Hormones do not provide the entire explanation for these sex differences — embryonic neurons isolated from male and female rats before being exposed to sex hormones have different cellular responses to stress. Female cells are more sensitive to agents that induce programmed cell death (apoptosis), whereas male cells react more to oxygen deprivation, ischaemia and other forms of stress7. Female cells also show greater sensitivity to ethanol than do male cells — again, independent of hormonal effects2.
These dimorphisms in cellular behaviour may be because of different metabolic pathways. Sex-stratified analyses of genomic data that look at the location and expression of the genes controlling key enzymes (such as the CPS1 gene, involved in protein and nitrogen metabolism) have revealed significant differences between females and males3. The products of metabolic reactions may be used as biomarkers for diseases such as diabetes and Alzheimer's, but clinicians might not always realize that they should expect different metabolite levels in men and women.
My appreciation of the importance of this issue is helped by the fact that in my first degree, I took courses on molecular and cell biology, biochemistry, genetics and physics. I was introduced to the topic of social responsibility in science by the molecular biologist and physicist Maurice Wilkins, then head of the newly created biophysics department at King's College London. The topic of gender in science has since taken an exciting form, opening up new directions for research, while improving its quality and efficacy.
In November, the third Gender Summit will take place in Washington DC under the leadership of the US National Science Foundation (www.gender-summit.com). The summit will feature discussions about understanding and addressing sex and gender issues in basic and applied science.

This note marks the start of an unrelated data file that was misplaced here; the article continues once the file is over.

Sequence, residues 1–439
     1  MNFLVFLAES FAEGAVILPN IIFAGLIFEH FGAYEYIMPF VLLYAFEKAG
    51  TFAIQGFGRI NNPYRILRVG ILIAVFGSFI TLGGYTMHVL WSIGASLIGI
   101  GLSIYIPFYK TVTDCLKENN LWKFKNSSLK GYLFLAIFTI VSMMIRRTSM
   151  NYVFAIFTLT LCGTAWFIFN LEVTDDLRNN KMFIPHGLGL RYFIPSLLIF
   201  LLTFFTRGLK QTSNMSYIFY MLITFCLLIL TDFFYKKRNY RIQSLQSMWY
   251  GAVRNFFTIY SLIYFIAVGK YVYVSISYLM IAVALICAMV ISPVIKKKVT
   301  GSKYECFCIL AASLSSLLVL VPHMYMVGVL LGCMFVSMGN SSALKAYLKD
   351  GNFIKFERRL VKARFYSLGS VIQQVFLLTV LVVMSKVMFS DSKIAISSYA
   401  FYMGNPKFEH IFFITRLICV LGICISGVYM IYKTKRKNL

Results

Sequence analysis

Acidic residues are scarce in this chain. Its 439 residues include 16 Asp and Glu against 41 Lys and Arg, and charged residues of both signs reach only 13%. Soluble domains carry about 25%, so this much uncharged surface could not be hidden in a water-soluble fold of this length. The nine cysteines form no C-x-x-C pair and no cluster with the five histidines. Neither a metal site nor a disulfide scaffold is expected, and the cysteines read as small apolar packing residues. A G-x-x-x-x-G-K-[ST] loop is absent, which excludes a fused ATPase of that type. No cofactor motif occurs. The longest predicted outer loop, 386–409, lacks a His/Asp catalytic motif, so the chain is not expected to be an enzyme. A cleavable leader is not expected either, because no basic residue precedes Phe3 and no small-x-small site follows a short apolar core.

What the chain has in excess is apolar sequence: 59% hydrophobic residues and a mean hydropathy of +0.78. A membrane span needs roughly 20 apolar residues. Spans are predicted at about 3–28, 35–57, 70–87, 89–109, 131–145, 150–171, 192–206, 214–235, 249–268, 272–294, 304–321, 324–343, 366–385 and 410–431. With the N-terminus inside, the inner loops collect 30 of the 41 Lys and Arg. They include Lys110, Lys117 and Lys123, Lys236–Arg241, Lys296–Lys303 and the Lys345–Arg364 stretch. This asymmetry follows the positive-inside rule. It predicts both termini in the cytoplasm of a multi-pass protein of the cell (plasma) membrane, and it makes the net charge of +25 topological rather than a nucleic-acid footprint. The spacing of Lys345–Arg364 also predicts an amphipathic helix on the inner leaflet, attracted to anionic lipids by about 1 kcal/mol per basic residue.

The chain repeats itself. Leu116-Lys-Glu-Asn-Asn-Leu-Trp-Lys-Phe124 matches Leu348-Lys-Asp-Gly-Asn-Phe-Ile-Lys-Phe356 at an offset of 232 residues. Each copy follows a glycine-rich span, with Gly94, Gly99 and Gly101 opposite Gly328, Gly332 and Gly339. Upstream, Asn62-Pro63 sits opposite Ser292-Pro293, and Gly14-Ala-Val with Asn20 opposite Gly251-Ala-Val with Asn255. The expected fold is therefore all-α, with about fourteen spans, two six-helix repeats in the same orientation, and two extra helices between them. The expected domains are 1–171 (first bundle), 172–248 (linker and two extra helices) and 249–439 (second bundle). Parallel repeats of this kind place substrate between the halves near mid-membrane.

The three-day programme includes a wide range of topics delivered by more than 100 speakers. Attendees will be able to learn about the effects that sex differences have at the fundamental level of biochemical processes involved in cell regulation; about dimorphic effects in the regenerative properties of stem cells; and about how insights into the differences between the metabolic profiles of women and men can transform diagnosis, therapy and health economics. This is timely: when I attended the 38th Federation of European Biochemical Societies Congress in St Petersburg, Russia, a few weeks ago, I was surprised to see no mention of sex and gender differences in the titles of programmed talks.
If working with only one sex or gender, then specify that, and explain why.
The most important thing that scientists can do is to acknowledge that there are differences between male and female cells, and design experiments with this in mind. Do not combine male and female cells — separate them out, ideally performing the same experiment in each group. If working with only one sex or gender, then specify that, and explain why. Animal and human studies should abide by the same rules.
Peer reviewers, editors and funders can help to bring about this change by insisting that researchers determine whether and how sex and gender could influence their findings. After its 2007 analysis, Pain released guidelines that state medication trials must include sufficient numbers of men and women. In March 2012, the American Physiological Society issued a policy requiring identification of sex or gender in papers on animal or human studies (see go.nature.com/bmvgiz). Every member of the scientific community has the power and responsibility to do the same for cells.
Deasy, B. M. et al. J. Cell Biol. 177, 73–86 (2007).
Penaloza, C. et al. FASEB J. 23, 1869–1879 (2009).
Mittelstrass, K. et al. PLoS Genet. 7, e1002215 (2011).
Wizemann, T. M. & Pardue, M.-L. (eds) Exploring the Biological Contributions to Human Health: Does Sex Matter? (National Academy Press, 2001).
Jagsi, R. et al. Cancer 115, 3293–3301 (2009).
Greenspan, J. D. et al. Pain 132, S26–S45 (2007).
Du, L. et al. J. Biol. Chem. 279, 38563–38570 (2004).
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Pollitzer, E. Cell sex matters. Nature 500, 23–24 (2013). https://doi.org/10.1038/500023a